25
Notes to Consolidated Financial Statements
(tabular dollars in millions except per share amounts; all per share amounts assume dilution)

Note 1 – Summary of Significant Accounting Policies income as the differential occurs. This is fully offset by the corre-
The preparation of the consolidated financial statements in con- sponding gain or loss recognized in income on the currency transla-
formity with generally accepted accounting principles requires man- tion of the debt, as both amounts are based upon the same
agement to make estimates and assumptions that affect reported exchange rates. The currency differential not yet settled in cash is
amounts of assets, liabilities, revenues, expenses and disclosure of reflected in the Consolidated Balance Sheet under the appropriate
contingent assets and liabilities. Actual results could differ from current or noncurrent receivable or payable caption. If a currency
these estimates. swap position were to be terminated prior to maturity, the gain or
Certain reclassifications were made to 1997 and 1996 amounts to loss realized upon termination would be immediately recognized
conform with the 1998 presentation. in income.
Principles of Consolidation Gains and losses on futures contracts designated as hedges of
The financial statements include the consolidated accounts of future commodity purchases are deferred and included in the cost
PepsiCo, Inc. and its controlled affiliates. Intercompany balances of the hedged commodity when purchased. Changes in the value
and transactions have been eliminated. Investments in of such contracts used to hedge commodity purchases are highly
Unconsolidated Affiliates, over which we exercise significant influ- correlated to the changes in the value of the purchased commodity.
ence but not control, are accounted for by the equity method. Our If the degree of correlation between the futures contracts and the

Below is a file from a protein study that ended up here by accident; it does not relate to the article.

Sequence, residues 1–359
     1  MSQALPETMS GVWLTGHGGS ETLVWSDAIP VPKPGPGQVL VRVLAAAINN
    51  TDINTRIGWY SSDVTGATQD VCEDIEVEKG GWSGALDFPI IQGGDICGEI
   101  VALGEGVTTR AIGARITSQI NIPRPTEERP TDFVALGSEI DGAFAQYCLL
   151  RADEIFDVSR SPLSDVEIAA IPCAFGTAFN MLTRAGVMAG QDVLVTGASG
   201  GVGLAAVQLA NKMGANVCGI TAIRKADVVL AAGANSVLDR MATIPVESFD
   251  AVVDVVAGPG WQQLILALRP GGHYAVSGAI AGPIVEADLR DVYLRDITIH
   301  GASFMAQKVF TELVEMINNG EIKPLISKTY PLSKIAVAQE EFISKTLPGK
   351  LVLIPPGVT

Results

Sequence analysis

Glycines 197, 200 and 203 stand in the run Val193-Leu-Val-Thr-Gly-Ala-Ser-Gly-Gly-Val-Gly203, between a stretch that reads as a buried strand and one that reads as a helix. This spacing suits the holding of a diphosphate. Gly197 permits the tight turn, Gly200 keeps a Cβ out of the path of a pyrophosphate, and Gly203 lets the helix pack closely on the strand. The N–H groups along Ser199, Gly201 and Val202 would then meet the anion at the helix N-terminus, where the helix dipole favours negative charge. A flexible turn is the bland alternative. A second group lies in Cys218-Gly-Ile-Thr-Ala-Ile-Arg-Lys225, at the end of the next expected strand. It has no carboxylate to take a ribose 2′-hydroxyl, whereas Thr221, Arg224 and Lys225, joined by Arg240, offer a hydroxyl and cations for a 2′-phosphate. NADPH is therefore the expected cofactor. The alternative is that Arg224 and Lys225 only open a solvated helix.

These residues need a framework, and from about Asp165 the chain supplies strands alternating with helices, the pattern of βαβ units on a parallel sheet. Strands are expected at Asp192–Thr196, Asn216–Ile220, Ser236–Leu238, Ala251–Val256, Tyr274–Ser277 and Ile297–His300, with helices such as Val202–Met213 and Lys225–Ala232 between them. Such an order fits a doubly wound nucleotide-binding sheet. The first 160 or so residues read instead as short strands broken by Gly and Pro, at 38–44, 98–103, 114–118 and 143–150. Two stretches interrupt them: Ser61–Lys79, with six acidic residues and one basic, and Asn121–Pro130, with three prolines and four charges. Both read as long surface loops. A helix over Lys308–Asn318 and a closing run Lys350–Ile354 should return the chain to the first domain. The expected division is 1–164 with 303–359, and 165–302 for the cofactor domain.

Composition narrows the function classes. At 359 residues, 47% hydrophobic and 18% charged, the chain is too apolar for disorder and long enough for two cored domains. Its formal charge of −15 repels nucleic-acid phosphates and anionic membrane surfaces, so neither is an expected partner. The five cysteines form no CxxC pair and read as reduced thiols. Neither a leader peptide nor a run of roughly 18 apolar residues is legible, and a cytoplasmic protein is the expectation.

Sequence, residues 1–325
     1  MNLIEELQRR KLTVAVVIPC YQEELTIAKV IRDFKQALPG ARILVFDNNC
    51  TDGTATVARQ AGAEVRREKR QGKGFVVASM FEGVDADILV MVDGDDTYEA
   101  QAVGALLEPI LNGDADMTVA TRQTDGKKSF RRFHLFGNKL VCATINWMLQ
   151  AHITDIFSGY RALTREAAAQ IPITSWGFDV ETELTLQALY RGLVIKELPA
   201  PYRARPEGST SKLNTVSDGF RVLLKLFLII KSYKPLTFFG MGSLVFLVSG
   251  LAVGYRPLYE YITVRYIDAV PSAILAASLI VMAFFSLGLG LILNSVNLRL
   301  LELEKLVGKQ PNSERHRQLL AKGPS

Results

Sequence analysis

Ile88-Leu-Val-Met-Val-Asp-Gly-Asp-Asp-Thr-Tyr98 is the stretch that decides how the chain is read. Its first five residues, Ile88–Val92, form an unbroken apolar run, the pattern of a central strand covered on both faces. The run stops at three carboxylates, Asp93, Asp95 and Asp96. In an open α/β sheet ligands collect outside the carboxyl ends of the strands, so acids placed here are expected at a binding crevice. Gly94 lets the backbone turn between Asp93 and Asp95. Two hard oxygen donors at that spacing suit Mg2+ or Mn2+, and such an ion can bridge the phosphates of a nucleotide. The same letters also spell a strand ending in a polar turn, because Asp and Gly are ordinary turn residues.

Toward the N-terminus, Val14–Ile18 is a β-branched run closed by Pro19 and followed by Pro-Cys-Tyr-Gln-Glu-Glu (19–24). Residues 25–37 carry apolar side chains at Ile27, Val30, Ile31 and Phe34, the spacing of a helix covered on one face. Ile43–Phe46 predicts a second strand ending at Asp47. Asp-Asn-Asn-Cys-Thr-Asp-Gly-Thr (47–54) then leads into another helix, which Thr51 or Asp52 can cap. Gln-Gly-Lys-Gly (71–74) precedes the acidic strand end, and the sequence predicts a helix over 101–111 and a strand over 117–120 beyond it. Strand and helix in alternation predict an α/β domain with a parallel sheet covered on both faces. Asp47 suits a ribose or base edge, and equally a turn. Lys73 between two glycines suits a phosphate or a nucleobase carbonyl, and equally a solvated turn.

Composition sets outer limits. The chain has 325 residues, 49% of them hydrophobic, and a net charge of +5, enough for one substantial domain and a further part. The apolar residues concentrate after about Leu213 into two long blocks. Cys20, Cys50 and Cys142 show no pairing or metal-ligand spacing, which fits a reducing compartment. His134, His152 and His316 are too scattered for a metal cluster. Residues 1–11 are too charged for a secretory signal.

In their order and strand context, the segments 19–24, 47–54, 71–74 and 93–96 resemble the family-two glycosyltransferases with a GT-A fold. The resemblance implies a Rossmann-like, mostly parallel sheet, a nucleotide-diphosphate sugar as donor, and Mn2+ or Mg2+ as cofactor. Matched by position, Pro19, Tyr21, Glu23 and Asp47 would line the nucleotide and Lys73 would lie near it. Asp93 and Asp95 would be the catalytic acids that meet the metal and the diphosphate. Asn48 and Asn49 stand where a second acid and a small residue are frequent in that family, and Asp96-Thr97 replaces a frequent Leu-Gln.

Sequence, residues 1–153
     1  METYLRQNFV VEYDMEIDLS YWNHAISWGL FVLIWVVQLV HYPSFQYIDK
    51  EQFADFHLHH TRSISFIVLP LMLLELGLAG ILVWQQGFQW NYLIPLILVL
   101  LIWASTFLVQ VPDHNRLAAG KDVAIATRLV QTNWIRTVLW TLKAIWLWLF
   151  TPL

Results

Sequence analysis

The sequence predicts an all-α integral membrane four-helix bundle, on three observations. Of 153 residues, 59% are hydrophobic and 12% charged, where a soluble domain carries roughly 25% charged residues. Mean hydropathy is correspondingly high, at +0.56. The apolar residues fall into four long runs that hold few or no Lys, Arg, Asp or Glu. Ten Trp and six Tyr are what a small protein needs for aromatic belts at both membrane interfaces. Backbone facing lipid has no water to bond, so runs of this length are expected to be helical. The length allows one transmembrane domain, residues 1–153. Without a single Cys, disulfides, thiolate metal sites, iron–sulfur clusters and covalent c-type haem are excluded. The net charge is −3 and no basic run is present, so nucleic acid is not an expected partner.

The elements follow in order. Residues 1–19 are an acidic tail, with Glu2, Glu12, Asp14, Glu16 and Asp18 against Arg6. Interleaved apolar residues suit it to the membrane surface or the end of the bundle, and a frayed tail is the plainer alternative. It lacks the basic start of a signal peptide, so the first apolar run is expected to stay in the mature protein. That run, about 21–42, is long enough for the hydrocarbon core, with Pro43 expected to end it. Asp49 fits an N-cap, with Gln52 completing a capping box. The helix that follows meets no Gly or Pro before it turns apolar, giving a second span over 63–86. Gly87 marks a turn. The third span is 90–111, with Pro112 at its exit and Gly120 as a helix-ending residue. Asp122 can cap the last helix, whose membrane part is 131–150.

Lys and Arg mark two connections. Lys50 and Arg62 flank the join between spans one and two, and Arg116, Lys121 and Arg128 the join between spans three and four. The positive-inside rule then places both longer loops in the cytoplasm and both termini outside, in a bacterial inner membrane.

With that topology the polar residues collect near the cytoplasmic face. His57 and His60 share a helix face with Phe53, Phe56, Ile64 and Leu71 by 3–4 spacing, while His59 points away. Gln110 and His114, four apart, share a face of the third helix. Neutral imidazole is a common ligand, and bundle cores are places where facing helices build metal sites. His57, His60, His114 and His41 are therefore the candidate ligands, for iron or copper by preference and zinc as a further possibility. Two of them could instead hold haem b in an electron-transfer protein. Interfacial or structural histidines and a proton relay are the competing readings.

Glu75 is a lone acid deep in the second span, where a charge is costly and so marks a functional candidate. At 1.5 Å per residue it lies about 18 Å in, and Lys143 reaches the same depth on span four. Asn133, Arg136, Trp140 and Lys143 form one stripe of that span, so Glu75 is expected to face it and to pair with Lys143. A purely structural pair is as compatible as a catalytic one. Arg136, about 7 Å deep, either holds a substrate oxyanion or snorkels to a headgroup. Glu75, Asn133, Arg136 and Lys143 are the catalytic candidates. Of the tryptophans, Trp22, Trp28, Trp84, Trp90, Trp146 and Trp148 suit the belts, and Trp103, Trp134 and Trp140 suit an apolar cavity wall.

share of the net income or loss of such unconsolidated affiliates is purchased commodity were to significantly diminish during the
included in selling, general and administrative expenses. contract term, subsequent changes in the value of the futures con-
Revenue Recognition tracts would be recognized in income. If a futures contract were to
We recognize revenue when products are delivered to customers. be terminated, the gain or loss realized upon termination would be
Sales terms generally do not allow a right to return. included in the cost of the hedged commodity when purchased.
Marketing Costs Cash Equivalents
Marketing costs are reported in selling, general and administrative Cash equivalents represent funds temporarily invested, with maturi-
expenses and include costs of advertising and other marketing ties of three months or less. All other investment portfolios are pri-
activities. Advertising expenses were $1.9 billion in 1998 and $1.8 marily classified as short-term investments.
billion in both 1997 and 1996. Deferred advertising expense, classi- Inventories
fied as prepaid expenses in the Consolidated Balance Sheet, was Inventories are valued at the lower of cost (computed on the average,
$34 million in 1998 and $53 million in 1997. Deferred advertising first-in, first-out or last-in, first-out method) or net realizable value.
costs are expensed in the year first used and consist of: Property, Plant and Equipment
• media and personal service prepayments, Property, plant and equipment are stated at cost. Depreciation is
• promotional materials in inventory, and calculated on a straight-line basis over the estimated useful lives of
• production costs of future media advertising. the assets.
Stock-Based Compensation Intangible Assets
We measure stock-based compensation cost as the excess of the Intangible assets are amortized on a straight-line basis over appro-
quoted market price of PepsiCo capital stock at the grant date over priate periods, generally ranging from 20 to 40 years.
the amount the employee must pay for the stock (exercise price). Recoverability of Long-Lived Assets to be Held and Used in the Business
Our policy is to generally grant stock options with an exercise price All long-lived assets are evaluated for impairment whenever events
equal to the stock price at the date of grant and accordingly, no or changes in circumstances indicate that the carrying amount of an
compensation cost is recognized. asset may not be recoverable. An impaired asset is written down to
Derivative Instruments its estimated fair market value based on the best information avail-
The interest differential to be paid or received on an interest rate able. Estimated fair market value is generally measured by dis-